Tropical Forests Provide Gendered Insurance against Illness

Yoshito Takasaki, Oliver T. Coomes and Christian Abizaid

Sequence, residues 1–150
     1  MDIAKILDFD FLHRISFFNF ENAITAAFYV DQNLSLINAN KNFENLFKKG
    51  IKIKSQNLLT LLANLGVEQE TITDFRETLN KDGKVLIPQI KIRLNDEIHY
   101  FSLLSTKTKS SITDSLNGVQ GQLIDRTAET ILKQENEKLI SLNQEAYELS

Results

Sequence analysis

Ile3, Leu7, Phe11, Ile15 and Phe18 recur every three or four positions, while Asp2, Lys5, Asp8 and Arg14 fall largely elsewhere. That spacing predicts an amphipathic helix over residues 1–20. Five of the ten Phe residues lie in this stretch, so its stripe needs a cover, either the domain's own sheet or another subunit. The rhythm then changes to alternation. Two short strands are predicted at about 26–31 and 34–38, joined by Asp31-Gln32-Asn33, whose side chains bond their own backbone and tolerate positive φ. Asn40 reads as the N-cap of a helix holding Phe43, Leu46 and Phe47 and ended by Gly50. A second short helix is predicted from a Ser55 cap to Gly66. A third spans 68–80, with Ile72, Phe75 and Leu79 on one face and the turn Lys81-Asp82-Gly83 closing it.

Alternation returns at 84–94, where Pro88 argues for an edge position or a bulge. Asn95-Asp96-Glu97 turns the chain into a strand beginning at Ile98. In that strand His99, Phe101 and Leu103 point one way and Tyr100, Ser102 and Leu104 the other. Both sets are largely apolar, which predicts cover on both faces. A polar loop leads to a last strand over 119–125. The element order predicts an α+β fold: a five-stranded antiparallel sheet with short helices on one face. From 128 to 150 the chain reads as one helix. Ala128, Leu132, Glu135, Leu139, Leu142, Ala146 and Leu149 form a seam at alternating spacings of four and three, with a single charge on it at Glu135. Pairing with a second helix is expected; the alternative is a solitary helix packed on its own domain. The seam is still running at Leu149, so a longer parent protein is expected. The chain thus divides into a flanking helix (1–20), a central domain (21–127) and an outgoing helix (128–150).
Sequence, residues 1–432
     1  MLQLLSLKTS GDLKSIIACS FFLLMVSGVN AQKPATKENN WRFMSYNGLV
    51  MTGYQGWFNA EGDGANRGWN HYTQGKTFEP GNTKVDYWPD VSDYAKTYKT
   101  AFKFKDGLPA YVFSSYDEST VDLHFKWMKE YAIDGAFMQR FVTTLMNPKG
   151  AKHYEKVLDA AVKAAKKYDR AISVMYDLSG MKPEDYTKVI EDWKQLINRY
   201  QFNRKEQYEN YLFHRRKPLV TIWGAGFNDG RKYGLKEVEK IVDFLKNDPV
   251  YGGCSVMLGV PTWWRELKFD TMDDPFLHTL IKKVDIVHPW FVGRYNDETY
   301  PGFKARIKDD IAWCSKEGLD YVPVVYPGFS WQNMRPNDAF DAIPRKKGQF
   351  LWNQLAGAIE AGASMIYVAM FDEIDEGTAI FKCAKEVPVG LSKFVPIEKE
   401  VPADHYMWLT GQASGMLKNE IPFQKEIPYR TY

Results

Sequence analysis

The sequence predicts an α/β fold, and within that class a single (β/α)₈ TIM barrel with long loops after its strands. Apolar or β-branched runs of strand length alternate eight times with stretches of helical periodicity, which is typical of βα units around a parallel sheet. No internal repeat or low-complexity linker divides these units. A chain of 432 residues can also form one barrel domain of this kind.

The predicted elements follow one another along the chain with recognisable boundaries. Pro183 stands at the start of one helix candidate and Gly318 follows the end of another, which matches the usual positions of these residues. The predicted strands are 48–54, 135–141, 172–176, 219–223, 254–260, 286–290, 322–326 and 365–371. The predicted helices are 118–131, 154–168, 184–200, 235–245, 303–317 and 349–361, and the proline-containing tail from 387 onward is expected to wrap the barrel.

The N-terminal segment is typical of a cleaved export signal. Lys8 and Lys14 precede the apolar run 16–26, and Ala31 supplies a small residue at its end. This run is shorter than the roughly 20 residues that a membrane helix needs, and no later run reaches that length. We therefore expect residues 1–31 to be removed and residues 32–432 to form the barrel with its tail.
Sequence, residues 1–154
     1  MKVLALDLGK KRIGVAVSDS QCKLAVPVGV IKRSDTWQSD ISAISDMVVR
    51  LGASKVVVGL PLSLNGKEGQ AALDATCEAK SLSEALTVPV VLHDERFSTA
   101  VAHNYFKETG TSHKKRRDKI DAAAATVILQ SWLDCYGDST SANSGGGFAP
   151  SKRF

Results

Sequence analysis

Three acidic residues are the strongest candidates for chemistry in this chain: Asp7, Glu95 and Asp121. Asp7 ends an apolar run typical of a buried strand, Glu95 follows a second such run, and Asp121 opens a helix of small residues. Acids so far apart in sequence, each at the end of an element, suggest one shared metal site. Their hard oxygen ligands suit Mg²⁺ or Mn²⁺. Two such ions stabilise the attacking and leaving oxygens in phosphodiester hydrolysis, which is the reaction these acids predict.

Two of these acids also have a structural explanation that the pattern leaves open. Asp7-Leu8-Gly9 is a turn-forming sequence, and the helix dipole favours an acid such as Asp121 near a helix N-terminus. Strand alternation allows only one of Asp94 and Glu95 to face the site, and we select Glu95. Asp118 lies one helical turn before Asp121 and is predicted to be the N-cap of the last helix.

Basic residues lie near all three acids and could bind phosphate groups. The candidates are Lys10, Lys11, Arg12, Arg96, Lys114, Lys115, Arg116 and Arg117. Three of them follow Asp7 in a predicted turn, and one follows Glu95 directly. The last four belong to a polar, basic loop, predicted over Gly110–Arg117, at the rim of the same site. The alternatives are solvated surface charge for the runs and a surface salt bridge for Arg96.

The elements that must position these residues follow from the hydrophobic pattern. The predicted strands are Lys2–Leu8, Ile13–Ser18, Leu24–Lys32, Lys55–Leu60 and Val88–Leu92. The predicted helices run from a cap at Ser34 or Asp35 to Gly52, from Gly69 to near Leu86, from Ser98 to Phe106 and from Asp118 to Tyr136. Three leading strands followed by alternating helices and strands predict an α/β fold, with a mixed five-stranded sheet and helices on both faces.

Tropical forest peoples rely on wild resources to cope with adverse shocks (i.e., natural insurance). However, research has shown its limited scope against health shocks that constrain labor supply responses. This article examines natural insurance against illness through the lens of gender. We conducted a large-scale household survey in the Peruvian Amazon, where men mostly do wild resource harvesting. We found that fishing and nontimber forest-product gathering increased against female illness and remittances increased against male illness, suggesting that the scope of natural insurance and risk sharing against illness is shaped by gender in a complementary way.

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